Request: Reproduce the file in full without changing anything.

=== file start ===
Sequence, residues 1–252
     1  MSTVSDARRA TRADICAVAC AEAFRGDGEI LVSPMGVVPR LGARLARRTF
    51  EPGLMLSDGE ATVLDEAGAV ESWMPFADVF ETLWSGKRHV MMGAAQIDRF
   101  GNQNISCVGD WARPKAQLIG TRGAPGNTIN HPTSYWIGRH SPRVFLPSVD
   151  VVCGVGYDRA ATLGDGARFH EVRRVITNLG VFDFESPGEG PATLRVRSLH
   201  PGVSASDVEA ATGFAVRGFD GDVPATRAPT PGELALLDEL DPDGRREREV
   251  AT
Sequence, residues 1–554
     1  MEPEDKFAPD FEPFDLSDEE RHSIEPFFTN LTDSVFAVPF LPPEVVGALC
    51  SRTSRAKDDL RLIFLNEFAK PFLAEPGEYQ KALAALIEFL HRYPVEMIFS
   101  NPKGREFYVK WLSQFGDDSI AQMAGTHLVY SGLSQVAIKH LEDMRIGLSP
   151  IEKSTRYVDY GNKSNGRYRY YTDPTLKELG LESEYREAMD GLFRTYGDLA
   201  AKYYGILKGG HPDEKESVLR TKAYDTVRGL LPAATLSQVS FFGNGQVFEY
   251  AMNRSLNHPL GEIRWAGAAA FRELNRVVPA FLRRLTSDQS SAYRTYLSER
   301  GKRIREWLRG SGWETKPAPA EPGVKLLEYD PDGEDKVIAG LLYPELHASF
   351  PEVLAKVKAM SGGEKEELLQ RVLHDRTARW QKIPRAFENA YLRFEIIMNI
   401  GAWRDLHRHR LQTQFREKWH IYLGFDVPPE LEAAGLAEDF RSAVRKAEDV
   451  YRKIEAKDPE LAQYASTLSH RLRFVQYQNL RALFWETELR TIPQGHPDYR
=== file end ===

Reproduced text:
Sequence, residues 1–252
     1  MSTVSDARRA TRADICAVAC AEAFRGDGEI LVSPMGVVPR LGARLARRTF
    51  EPGLMLSDGE ATVLDEAGAV ESWMPFADVF ETLWSGKRHV MMGAAQIDRF
   101  GNQNISCVGD WARPKAQLIG TRGAPGNTIN HPTSYWIGRH SPRVFLPSVD
   151  VVCGVGYDRA ATLGDGARFH EVRRVITNLG VFDFESPGEG PATLRVRSLH
   201  PGVSASDVEA ATGFAVRGFD GDVPATRAPT PGELALLDEL DPDGRREREV
   251  AT
Sequence, residues 1–554
     1  MEPEDKFAPD FEPFDLSDEE RHSIEPFFTN LTDSVFAVPF LPPEVVGALC
    51  SRTSRAKDDL RLIFLNEFAK PFLAEPGEYQ KALAALIEFL HRYPVEMIFS
   101  NPKGREFYVK WLSQFGDDSI AQMAGTHLVY SGLSQVAIKH LEDMRIGLSP
   151  IEKSTRYVDY GNKSNGRYRY YTDPTLKELG LESEYREAMD GLFRTYGDLA
   201  AKYYGILKGG HPDEKESVLR TKAYDTVRGL LPAATLSQVS FFGNGQVFEY
   251  AMNRSLNHPL GEIRWAGAAA FRELNRVVPA FLRRLTSDQS SAYRTYLSER
   301  GKRIREWLRG SGWETKPAPA EPGVKLLEYD PDGEDKVIAG LLYPELHASF
   351  PEVLAKVKAM SGGEKEELLQ RVLHDRTARW QKIPRAFENA YLRFEIIMNI
   401  GAWRDLHRHR LQTQFREKWH IYLGFDVPPE LEAAGLAEDF RSAVRKAEDV
   451  YRKIEAKDPE LAQYASTLSH RLRFVQYQNL RALFWETELR TIPQGHPDYR